NORTH BAY, Ont. — The historic log cabin where the first quintuplets to survive more than a few days were born is now on the move.
The birthplace of the Dionne quintuplets is being hauled from its current location near a highway in North Bay, Ont., to a spot in the city’s downtown.
The move is the culmination of a yearlong grassroots campaign to keep the home in North Bay, an effort that started after officials proposed transferring the cabin to a nearby community and handing any related artifacts to museums and universities.
The two surviving quintuplets, Cecile and Annette Dionne, threw their support behind the campaign, arguing the city had a moral obligation to safeguard the home and its legacy.
A spokesman for the 83-year-old sisters says they are proud to see the landmark preserved and grateful to those who rallied to save it.
But Carlo Tarini says the sisters hope governments will step up to ensure consistent funding so the home can reopen and continue to operate as a museum.
The sisters hope to travel to North Bay from their home in Montreal for the opening date, which has yet to be set, Tarini said.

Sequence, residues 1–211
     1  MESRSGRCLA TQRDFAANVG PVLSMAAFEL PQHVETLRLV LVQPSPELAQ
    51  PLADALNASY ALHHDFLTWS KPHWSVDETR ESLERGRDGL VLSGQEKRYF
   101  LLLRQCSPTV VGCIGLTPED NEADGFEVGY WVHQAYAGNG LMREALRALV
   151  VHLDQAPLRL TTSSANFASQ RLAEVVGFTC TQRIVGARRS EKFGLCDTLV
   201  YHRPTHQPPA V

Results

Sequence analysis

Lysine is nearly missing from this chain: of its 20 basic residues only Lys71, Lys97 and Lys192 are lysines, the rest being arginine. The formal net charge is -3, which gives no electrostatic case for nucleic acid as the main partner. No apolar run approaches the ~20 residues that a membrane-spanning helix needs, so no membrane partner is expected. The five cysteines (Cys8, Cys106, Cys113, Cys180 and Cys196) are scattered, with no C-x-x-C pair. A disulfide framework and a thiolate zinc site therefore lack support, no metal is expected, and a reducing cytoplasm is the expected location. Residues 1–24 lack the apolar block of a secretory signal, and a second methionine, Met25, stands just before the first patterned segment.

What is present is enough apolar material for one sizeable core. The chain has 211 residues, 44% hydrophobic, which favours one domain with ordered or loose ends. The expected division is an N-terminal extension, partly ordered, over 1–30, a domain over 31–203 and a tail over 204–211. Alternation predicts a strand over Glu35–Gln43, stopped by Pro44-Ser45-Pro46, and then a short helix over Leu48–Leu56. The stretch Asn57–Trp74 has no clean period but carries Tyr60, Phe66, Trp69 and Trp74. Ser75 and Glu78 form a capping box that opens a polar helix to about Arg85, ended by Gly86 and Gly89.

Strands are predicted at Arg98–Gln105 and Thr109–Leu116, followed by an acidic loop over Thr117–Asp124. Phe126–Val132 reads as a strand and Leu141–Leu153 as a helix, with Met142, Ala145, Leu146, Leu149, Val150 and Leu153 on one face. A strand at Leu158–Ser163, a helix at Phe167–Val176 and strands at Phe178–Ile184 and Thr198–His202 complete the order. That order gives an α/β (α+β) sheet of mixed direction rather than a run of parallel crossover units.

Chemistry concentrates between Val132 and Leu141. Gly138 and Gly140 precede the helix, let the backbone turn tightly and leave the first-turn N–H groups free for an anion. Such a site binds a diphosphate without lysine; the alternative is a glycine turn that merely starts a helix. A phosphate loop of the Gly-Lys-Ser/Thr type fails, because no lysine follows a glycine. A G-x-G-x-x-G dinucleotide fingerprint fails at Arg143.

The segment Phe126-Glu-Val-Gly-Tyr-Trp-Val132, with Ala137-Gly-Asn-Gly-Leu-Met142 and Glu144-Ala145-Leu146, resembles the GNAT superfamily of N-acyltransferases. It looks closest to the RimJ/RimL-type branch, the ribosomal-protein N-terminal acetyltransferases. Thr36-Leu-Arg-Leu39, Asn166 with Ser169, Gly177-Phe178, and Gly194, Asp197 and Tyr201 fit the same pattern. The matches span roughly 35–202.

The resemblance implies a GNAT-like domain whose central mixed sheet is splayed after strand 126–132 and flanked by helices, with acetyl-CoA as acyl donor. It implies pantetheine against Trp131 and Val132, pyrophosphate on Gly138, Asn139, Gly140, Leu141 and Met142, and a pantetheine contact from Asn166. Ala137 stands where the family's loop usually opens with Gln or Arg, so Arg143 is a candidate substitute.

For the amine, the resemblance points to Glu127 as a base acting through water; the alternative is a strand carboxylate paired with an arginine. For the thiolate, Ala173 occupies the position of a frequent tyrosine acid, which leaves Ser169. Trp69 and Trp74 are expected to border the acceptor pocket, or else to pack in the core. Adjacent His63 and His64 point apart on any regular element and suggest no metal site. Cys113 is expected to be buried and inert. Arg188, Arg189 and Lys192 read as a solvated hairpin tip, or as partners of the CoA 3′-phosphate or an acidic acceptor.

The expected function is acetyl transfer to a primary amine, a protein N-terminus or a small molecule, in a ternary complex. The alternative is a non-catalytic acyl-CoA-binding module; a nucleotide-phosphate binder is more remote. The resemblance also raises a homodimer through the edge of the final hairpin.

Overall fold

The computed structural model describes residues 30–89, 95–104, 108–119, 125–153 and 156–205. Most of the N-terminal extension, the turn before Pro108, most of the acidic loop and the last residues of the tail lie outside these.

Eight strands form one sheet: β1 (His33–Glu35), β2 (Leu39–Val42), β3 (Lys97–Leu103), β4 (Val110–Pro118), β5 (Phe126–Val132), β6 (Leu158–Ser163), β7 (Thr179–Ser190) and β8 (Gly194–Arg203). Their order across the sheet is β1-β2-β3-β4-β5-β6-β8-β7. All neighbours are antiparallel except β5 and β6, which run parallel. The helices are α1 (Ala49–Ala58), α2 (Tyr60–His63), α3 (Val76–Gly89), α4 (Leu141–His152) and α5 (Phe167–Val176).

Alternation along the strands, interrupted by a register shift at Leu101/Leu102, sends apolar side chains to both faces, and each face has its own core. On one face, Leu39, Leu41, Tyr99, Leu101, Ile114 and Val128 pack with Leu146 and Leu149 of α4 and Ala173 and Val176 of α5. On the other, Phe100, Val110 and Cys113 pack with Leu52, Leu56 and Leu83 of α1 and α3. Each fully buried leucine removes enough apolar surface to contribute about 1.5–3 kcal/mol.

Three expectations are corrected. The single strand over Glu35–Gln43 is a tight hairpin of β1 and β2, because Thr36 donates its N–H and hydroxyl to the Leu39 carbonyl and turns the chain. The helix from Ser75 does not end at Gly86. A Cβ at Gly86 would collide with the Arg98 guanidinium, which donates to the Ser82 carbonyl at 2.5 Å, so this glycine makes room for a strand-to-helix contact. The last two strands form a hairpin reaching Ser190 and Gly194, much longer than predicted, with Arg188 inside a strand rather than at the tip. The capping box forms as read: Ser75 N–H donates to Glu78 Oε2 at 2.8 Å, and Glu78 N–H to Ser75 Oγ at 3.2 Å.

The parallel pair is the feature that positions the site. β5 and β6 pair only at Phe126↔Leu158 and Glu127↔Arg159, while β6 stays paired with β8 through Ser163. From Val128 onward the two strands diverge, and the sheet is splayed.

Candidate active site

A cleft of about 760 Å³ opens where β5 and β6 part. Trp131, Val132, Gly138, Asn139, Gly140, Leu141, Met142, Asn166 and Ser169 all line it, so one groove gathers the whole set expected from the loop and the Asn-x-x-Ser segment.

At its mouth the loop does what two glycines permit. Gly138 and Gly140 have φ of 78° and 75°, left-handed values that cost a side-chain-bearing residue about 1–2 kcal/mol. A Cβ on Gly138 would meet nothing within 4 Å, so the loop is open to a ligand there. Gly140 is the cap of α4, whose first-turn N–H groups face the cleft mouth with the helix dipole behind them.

The quintuplets were considered a medical miracle when they were born in 1934, and their story made headlines around the world.
Many tried to capitalize on their fame, including the Ontario government, which took the quints from their parents and turned them into a tourist attraction for the first nine years of their lives.
They drew throngs of visitors to the area, spurring the local economy and generating roughly $500,000 in income for the province.
Their birth home was bought by the City of North Bay and brought there from the nearby community of Corbeil, Ont., in 1985, then turned into a museum dedicated to the family’s story.
The Dionne Museum closed to the public in 2015 after the city’s chamber of commerce stopped running it, and the resulting struggle to find a replacement prompted officials to suggest moving it to the nearby community of Strong, Ont.
A group of residents rallied against the proposal, lobbying city council for months until it was voted down in favour of moving the home locally.
Paola Loriggio, The Canadian Press